Ian McDonald, Glasgow's depute director of education, told a conference on school security held less than a week after the publication of Lord Cullen's report on the Dunblane tragedy: "In Glasgow alone to put in fairly modest measures - controlled entry systems in primary schools, CCTV in secondaries and improved fencing and lighting in both - will come to about Pounds 3 million. "
The cost of improving security at all Scotland's schools would be in the region of Pounds 20 million. "Unless we get serious funding like that we won't be able to assure parents that schools are as safe as they would like. We are saying quite loudly that local government does need genuine financial support. Without that investment we won't be able to persuade parents they don't need fortress schools, only secure ones."
Around 100 delegates from schools, councils, colleges and universities attended the conference organised by the Scottish Security Association in Renfrew.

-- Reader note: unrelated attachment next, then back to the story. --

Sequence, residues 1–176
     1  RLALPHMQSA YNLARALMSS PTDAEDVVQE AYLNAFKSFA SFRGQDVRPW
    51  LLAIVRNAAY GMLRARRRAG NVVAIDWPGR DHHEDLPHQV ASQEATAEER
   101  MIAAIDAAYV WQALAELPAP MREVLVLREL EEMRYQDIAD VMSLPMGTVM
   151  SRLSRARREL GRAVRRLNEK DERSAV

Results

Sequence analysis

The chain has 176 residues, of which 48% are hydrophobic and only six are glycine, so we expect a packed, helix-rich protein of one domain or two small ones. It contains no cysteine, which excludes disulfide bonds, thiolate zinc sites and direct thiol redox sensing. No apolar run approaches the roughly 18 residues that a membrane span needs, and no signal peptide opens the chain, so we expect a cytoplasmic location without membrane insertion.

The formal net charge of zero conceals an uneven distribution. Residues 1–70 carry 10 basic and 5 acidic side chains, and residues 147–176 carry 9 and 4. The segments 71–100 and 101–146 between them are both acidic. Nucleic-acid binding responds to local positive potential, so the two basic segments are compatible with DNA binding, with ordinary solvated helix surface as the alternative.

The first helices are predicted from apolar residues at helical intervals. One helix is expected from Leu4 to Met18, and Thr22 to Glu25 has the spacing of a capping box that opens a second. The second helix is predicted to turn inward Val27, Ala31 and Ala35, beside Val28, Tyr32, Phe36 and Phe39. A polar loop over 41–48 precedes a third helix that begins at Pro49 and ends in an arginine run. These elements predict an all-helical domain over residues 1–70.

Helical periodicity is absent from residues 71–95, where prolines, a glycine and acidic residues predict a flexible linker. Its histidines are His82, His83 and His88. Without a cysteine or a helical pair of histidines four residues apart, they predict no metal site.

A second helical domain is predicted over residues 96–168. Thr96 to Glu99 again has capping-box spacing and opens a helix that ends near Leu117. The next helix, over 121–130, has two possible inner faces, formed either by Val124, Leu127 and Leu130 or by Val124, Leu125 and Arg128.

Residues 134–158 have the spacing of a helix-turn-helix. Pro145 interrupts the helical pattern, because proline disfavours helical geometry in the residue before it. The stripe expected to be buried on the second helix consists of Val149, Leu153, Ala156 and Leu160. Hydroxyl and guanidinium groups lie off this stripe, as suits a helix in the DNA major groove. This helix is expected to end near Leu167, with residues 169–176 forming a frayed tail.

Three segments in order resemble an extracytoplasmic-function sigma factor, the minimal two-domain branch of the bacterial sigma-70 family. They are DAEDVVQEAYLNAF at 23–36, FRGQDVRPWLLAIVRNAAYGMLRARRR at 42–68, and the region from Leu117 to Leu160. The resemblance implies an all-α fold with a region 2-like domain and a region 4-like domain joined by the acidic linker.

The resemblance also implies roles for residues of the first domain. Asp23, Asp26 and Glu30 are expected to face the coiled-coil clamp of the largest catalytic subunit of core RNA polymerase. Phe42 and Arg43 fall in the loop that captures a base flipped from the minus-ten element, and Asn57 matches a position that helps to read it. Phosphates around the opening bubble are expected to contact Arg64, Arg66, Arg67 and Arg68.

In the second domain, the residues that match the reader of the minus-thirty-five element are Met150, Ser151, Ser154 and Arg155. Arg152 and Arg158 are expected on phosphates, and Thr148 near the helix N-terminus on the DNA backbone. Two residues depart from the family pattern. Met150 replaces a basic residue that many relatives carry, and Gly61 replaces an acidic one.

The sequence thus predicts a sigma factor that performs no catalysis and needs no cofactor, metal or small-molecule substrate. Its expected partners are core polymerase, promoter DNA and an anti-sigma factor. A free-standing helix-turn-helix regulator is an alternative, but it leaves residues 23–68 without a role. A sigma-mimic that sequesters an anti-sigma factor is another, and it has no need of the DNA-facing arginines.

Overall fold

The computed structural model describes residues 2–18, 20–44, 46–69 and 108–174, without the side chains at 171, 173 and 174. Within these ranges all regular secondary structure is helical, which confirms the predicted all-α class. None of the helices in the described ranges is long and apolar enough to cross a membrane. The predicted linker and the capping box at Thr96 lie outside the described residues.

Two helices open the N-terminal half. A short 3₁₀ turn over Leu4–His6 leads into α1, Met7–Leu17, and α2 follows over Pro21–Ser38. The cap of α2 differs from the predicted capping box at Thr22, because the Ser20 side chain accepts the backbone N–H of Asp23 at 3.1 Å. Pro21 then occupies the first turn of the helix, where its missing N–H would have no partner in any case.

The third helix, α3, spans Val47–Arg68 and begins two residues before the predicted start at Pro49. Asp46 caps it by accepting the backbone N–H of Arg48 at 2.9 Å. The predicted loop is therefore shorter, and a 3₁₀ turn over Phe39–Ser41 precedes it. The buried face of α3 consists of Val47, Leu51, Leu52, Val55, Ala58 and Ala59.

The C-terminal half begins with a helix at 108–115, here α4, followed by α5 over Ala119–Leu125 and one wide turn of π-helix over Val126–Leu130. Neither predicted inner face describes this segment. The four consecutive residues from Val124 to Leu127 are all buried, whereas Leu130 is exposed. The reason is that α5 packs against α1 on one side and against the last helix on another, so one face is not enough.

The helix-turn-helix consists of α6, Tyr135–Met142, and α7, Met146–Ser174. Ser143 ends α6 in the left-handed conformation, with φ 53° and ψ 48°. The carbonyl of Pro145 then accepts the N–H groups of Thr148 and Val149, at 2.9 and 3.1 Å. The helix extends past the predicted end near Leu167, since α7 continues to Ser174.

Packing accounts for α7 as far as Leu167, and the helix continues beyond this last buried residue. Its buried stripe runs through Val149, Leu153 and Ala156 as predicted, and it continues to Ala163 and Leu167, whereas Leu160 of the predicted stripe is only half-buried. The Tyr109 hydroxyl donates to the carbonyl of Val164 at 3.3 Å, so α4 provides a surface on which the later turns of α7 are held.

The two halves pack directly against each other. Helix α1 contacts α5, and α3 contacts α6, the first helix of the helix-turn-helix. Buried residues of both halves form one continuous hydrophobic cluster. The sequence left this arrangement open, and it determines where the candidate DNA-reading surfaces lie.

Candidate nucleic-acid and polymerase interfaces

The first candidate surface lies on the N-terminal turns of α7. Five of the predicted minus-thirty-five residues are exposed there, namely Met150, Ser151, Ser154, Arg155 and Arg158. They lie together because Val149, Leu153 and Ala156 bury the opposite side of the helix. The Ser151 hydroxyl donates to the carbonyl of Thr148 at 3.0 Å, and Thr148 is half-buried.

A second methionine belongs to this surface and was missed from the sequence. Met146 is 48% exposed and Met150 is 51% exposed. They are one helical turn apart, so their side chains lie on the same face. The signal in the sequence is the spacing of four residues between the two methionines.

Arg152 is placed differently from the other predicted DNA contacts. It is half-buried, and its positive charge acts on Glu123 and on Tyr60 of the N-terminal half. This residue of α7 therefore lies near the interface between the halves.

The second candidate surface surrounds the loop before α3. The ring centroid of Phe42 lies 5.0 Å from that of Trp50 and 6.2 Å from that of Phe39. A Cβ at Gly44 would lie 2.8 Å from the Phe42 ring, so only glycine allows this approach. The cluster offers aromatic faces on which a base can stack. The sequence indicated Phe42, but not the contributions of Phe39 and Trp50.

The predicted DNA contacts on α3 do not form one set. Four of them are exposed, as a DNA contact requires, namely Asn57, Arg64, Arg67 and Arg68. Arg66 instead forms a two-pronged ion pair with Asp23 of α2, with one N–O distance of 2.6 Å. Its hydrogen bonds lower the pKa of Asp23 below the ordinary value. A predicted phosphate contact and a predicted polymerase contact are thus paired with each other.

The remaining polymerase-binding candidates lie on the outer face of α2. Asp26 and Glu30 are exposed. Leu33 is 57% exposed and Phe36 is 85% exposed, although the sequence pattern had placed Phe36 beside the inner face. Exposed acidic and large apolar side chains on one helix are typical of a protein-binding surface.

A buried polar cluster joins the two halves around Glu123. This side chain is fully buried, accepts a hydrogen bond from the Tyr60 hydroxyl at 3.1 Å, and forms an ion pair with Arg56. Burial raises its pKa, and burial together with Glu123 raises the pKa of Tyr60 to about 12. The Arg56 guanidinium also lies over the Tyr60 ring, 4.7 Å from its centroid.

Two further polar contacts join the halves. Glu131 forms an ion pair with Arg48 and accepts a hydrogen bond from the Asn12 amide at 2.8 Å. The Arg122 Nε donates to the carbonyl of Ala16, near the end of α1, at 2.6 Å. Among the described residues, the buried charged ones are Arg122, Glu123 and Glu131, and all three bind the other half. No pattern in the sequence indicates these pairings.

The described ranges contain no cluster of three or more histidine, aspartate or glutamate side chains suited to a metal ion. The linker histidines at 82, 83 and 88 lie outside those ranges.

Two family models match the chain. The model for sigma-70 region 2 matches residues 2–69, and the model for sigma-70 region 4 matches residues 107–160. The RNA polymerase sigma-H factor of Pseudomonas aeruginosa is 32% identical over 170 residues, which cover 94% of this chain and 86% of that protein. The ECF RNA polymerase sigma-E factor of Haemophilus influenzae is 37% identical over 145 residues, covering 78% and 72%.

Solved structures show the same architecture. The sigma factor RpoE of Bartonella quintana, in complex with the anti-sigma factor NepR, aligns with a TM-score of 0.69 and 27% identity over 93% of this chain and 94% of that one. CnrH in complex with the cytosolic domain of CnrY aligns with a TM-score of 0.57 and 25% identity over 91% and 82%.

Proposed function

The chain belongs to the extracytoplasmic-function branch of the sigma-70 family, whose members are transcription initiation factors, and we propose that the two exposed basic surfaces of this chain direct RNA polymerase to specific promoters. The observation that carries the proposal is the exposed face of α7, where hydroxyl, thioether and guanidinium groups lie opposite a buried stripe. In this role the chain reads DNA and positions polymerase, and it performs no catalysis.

Assistant Chief Constable Crispian Strachan of Strathclyde police, who chaired the meeting, said East Dunbartonshire had recently conducted a security inspection of Bearsden primary, which is attended by two of his four children. "Like 99 per cent of schools in the country it has no security cameras and no special security locks." He questioned whether television monitors were necessary or appropriate in many schools.
Superintendent Mike Dean, crime prevention officer for Strathclyde Police, listed some of the security problems in schools. These varied from unauthorised access, "highlighted at the extreme end by Dunblane", to violence to staff and pupils, theft, damage, drug taking and indecency in school grounds.